“Plan for the best but prepare for the worst.” Wise words to live by as an equestrian! As athletic as they may be, horses are somewhat accident-prone creatures, so it is best to always have a few things on hand, just in case. Whether at home or on the road, you should always keep a Med Box with you, stocked with a few essentials. When you’re first stocking up, consult with your vet to see what recommendations they have for your horse. But here is a list of a few things every equestrian should have available.
- A Thermometer – This is one of the first measures taken when you suspect your horse is unwell. Whether you notice a swollen leg, an upset stomach, or you’ve just unloaded after a long haul, a temperature check is first on the list. A temperature outside normal limits can indicate when to call the vet.
- Gloves – Gloves will come in handy for many tasks in dealing with your horse. When cleaning a wound or putting on medicine, always wear gloves to keep the area clean and protect yourself from topicals unsafe for human skin.
- Alcohol – Isopropyl Alcohol is a do-it-all topical that is great to keep on hand. Use wipes or pads to clean and disinfect your equipment, such as your thermometer after you use it. It can also be helpful as a treatment for sore or tired muscles.
- Syringes – Syringes will be the primary tool for administering medications, so always be sure to have a few on hand. A wide-tip syringe can be especially helpful for administering oral medications.
First Aid Supplies
- Betadine – If your horse manages to cut itself (as they often do), use this to clean and disinfect the wound before bandaging. Be sure to completely rinse, however, so there is no skin irritation from soap residue. This Vetericyn Antimicrobial Wound & Skin Cleanser is another option and is especially beneficial for sensitive areas.
- Telfa – These non-adherent gauze pads make bandaging easy, and you don’t have to worry about it sticking to the wound when it’s time to remove it. This is a great first layer to any bandage over the topical ointment or treatment you choose for wound dressing.
- Cotton Roll – Theis is a good multi-use bandage. For larger wounds, you may want to use it as a standing wrap. Or, for smaller wounds, you can simply cut off a piece sized accordingly and cover it with vetrap or elastikon.
- Vetrap – Vetrap must’ve gotten its name because it’s something vets can’t live without. And you shouldn’t live without it either. From bandages large or small to hoof packing and everything in between, Vetrap is essential to have on hand.
- Bandage Scissors – Keep these scissors in your med box so they remain clean. Only use clean scissors to cut your bandage supplies. Bandage scissors are specially shaped so you can easily slide them between the bandage and your horse’s skin without fear of nicking them while you cut it off.
- Wound Cream – Silver Sulfadiazine Cream (commonly referred to as SSD cream for short) is a basic all-wound care cream. It can be used to dress wounds before or after sutures or to treat just a small scratch or skin irritation. For areas that you can’t cover with a bandage, Alushield will offer a protective barrier from dirt, debris, and bacteria for the wound.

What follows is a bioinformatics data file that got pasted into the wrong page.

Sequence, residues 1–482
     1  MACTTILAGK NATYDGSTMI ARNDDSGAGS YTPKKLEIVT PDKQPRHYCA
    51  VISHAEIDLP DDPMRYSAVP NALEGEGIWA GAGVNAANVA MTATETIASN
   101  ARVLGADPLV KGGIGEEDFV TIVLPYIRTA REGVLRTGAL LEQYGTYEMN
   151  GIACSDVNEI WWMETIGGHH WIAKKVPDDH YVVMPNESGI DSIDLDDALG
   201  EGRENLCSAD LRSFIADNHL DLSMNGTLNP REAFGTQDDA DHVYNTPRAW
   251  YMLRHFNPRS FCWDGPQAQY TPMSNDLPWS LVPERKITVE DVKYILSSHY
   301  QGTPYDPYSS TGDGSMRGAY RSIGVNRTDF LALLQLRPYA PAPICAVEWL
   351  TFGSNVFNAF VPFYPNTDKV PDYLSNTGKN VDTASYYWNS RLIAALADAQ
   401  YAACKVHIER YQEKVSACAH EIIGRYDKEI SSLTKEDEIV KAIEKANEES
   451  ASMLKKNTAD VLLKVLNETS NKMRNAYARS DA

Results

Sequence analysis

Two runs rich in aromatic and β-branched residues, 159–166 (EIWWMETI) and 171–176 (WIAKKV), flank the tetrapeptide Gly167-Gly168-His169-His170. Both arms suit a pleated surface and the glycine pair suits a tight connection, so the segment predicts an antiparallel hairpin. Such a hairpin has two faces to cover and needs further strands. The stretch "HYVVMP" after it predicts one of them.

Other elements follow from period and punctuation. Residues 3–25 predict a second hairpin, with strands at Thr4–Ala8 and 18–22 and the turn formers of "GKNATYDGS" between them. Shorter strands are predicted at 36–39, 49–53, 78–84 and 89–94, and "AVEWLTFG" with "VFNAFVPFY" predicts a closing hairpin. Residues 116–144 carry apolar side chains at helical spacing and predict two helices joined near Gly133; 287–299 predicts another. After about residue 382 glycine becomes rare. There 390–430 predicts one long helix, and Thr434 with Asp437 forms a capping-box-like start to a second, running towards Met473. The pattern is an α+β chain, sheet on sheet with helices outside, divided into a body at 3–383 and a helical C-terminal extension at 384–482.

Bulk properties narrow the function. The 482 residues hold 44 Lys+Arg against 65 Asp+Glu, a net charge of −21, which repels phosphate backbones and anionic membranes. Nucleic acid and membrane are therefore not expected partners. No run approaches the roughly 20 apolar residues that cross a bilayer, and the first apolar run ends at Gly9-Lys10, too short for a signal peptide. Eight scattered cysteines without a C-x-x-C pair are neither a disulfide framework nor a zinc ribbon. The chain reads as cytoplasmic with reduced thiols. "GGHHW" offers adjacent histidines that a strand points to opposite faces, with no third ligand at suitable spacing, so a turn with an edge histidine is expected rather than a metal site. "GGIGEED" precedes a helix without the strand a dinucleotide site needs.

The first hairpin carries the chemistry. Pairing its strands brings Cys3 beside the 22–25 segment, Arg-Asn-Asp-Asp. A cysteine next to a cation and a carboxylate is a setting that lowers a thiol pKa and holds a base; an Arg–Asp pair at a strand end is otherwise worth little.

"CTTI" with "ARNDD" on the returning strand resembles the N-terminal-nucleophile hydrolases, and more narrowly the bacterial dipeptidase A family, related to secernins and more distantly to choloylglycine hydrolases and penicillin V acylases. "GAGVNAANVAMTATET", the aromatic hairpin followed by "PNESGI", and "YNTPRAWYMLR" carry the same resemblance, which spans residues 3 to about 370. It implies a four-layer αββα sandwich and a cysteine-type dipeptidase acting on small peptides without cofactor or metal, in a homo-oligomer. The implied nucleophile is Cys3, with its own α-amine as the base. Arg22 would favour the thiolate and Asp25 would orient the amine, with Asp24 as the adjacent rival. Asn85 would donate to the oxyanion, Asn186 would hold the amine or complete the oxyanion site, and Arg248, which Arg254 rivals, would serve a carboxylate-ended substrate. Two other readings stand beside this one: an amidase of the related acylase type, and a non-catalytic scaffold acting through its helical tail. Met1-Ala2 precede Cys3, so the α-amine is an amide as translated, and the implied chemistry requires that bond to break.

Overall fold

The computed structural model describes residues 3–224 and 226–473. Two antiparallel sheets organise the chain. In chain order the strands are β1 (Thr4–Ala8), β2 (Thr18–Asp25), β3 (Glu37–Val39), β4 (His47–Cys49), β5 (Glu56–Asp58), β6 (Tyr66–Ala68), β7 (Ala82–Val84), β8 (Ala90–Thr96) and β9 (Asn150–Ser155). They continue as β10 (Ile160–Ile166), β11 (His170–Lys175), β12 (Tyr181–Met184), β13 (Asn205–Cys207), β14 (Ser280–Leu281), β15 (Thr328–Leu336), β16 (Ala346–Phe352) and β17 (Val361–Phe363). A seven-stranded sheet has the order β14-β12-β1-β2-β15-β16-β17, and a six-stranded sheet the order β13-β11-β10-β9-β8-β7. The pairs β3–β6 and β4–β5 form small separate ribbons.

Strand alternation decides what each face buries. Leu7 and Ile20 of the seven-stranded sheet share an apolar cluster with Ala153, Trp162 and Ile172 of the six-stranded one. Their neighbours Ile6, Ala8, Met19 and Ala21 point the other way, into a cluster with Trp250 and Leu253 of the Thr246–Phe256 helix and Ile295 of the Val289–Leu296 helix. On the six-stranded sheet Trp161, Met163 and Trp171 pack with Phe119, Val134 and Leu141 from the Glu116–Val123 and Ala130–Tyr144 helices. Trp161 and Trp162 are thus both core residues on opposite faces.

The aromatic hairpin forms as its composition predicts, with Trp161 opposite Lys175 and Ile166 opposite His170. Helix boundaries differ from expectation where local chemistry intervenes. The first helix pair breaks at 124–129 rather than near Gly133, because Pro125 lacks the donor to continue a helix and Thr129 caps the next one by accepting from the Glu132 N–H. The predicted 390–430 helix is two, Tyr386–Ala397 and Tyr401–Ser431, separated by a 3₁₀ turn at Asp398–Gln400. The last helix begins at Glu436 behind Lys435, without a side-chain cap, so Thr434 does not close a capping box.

- Ophthalmic Gel – Always have an eye ointment for simple situations like dirt, shavings, or other minor contaminants irritating your horse’s eye. These options from Vetericyn or Manna Pro’s Theracyn help clean and provide fast relief and healing when an antibiotic ointment is not necessary.
- NSAIDs – Banamine and Phenylbutazone should always be available to help in situations of discomfort. Whether it be lameness or colic symptoms, each of these medications has its place in providing your horse with some relief until the vet can reach you. These are both prescription medications, so always ask your vet about the proper dosage and indications for use before administration.
- Dormosedan Gel – You hope to not need it often, but you should always have a sedative in your med box. It will be useful in any stressful situations when you need your horse to remain calm and still. Always wear gloves when handling this product, and get proper dosage instructions from your vet when prescribed.
- Antibiotics – Although SMZ Tablets have long been the standard antibiotics to keep on hand, many vets are now recommending Uniprim Powder as a better, more easily absorbed option. The powder version can also be easier to dose rather than crushing tablets. Whichever version your vet recommends, be sure to keep on hand for cases of minor cuts, wounds, coughs, abscesses, or other problems at risk for infection. It is often just the first line of defense against bacterial infections, so always consult your vet to be sure a different or stronger antibiotic is not necessary.
And the List Goes On…
The list of items to stock in your Med Box is seemingly endless. As majestic as they are, horses tend to get themselves into peculiar situations, so your stock of first aid items will likely grow over time. This is just a list of necessities to start. As always, consult your vet in any wound, lameness, or stomach discomfort situations to be sure your horse receives the proper treatment and can quickly be on the road to recovery.
You can shop more first aid and med box essentials at FarmVet HERE. Or, shop all our products at FarmVet.com 24/7. You can also call one of our friendly Sales Associates at 1-888-837-3626 or email your order to firstname.lastname@example.org.
A common ailment that horses will experience is a hoof abscess. Learn about this predicament and tips for treatment HERE.